Ghanta Ghar: From Clocks To Flags


By Fahad Shah

A concrete clock tower stands still in this nippy winter of Kashmir. Ghanta Ghar has become a political crag which many political climbers want to ascent. Some energetic but anti-India youth succeeded last summer. They left a coloured tower like a blind dresses a doll. Different shades of political symbols; in which shade of Kashmir lost somewhere. A look to tower reminded me of houses in the H. G. Wells short story, The Country of the Blind.

I quote some lines of the story about houses: “They were parti-coloured with extraordinary irregularity, smeared with a sort of plaster that was sometimes grey, sometimes drab, sometimes slate-coloured or dark brown; and it was the sight of this wild plastering first brought the word “blind” into the thoughts of the explorer.”

Winter brought the tower in focus again. Wearing a bamboo scaffold as it is under renovation. Look around. Hardly any shopkeeper is at your disposal. Only at one corner of footpath just near the Titan watch showroom, a hot Rista (a Kashmiri Wazwaan dish) vendor sits at ease. The park at the centre of the hub of Srinagar, Lal Chowk is chockfull by state forces and journalists.

Nose for news has brought journalists here: leaving their cosy warmth back home in this winter cold. More than 4000 Central Reserve Police Forces along with other agencies are guarding the clock tower. Outside Broadcasting (OB) vans from almost all media houses are joining tails one after other around the concrete park which is nicknamed as “Carbon Park”. Carbon stands for the emissions from vehicles on road around. The OB inhabitants are landing in the park. None among present or at home can imagine what would happen next moment. All had a probing expression. Looking around was hideous.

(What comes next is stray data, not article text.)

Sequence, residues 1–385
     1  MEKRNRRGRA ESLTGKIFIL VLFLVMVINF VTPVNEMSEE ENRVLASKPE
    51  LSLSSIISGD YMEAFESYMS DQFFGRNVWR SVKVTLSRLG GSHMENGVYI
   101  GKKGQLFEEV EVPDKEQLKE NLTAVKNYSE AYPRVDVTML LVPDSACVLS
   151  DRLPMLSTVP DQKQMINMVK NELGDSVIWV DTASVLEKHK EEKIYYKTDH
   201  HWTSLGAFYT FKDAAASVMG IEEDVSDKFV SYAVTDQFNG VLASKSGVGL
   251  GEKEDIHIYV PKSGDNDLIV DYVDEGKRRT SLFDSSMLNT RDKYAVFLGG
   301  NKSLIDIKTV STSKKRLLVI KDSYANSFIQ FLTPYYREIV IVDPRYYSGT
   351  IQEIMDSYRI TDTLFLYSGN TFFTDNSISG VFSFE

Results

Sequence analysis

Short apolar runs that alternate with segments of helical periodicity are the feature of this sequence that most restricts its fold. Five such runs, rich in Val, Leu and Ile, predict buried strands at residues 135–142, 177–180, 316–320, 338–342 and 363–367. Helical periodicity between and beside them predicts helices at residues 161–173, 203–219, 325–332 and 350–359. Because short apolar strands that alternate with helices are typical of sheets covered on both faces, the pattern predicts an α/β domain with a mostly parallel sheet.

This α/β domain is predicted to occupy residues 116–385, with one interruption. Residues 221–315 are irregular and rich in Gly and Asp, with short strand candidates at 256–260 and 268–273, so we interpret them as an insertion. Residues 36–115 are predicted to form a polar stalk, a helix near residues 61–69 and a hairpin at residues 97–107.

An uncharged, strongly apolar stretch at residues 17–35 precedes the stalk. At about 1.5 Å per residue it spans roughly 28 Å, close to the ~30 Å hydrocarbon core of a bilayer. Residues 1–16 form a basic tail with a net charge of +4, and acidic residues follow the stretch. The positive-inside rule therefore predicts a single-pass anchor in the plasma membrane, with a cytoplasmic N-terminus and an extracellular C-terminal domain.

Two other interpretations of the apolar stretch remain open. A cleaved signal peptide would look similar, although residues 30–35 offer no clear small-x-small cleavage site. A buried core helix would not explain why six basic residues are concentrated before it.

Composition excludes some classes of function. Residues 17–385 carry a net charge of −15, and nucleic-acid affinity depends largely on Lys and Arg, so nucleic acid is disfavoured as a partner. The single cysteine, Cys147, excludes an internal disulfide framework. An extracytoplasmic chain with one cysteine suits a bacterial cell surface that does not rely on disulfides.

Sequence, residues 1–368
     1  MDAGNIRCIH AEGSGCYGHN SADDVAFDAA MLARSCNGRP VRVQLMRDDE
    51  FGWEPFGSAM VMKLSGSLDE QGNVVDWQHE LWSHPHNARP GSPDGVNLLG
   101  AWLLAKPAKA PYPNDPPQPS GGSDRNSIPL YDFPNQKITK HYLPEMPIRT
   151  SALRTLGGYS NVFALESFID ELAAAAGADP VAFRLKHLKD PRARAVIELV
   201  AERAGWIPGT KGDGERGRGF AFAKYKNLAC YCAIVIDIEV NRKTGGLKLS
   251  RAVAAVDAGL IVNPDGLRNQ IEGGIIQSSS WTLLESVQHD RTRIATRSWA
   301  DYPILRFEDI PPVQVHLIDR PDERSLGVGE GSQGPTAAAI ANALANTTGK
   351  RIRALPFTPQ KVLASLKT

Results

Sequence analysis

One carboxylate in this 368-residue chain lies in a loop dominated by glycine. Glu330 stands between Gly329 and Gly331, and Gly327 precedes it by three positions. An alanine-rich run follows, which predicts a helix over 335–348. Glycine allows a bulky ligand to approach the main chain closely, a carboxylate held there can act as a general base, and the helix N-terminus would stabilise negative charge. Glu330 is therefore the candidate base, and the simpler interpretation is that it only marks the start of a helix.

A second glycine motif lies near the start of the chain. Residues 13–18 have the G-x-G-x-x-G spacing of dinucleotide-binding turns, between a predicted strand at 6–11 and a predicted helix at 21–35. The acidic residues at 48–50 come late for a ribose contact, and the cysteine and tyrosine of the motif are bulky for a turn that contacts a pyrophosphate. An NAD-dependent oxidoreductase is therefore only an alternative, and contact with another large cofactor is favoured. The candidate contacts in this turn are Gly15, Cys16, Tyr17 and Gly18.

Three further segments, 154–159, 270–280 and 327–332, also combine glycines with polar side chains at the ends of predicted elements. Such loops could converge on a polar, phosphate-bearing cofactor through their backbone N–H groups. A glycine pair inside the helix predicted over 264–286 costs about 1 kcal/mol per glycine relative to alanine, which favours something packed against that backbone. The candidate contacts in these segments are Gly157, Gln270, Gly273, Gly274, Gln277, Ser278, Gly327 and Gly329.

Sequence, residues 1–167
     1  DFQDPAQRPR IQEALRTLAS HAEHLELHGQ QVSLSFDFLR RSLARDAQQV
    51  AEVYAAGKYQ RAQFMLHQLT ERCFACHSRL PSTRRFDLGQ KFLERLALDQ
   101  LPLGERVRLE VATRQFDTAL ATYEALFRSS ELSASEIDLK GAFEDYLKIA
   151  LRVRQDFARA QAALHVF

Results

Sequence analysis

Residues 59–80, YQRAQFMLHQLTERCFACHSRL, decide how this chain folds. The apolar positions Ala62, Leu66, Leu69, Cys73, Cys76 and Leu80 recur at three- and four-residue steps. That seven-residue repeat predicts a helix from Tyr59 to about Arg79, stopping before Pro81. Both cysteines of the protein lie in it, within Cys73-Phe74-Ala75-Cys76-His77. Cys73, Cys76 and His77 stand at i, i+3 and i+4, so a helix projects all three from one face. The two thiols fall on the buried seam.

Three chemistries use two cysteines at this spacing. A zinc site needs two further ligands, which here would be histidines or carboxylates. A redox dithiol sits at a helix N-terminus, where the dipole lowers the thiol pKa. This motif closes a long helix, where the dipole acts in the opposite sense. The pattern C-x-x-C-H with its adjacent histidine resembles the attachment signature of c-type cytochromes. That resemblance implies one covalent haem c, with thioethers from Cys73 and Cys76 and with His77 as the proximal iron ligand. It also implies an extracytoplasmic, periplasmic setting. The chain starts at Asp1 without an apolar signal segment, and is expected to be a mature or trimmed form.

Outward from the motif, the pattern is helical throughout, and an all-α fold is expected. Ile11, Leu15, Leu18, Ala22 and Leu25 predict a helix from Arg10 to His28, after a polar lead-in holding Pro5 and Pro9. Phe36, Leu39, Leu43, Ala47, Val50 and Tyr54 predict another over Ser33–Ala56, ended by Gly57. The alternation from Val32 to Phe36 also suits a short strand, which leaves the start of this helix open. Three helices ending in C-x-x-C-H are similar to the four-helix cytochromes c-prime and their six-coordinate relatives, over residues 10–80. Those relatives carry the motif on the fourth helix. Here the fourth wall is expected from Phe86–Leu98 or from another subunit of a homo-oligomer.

“Tension”, as my friend standing next to me told, “is in air”.

It was dusk after a bright-sunny-day. A civilian may be suspected of either a pro-freedom worker or a Bhartiya Janata Party cadet. Both have been challenging head-to-head to each other to hoist their desirable flags on the tower.

Who will win? Who will make it to tower? What if anyone will try?

Of course four-thousand trained and armed persons will act: journalists too. Bamboos may be opted. Perhaps, flag wavers will be beaten up and then whisked away in roughly stained white gypsies of police. Probably, they will be asked why you want to hoist flag.

“Don’t you know we do it at 400 different places of Kashmir on every August 15 and January 26?”

If no one could make it around tower: what then?

Certainly, still there will be news. “No flag hoisting at Lal Chowk.” Some may be eagerly waiting to see either of the two parties waving a flag on top of tower. There hopes will sink in the ponds of dislike to both the competitors.

When I was about to leave from this “most important” venue I met a friend. A local photojournalist who said, “How can it be so that anyone will dare to even step into Lal Chowk?

Everything around is sealed.”

“When are you going home?” I enquired.

“Not now. We will stay till late evening.”

“Ok fine. I am leaving. Bye.”

I left from this heavy secured zone. I am going home.

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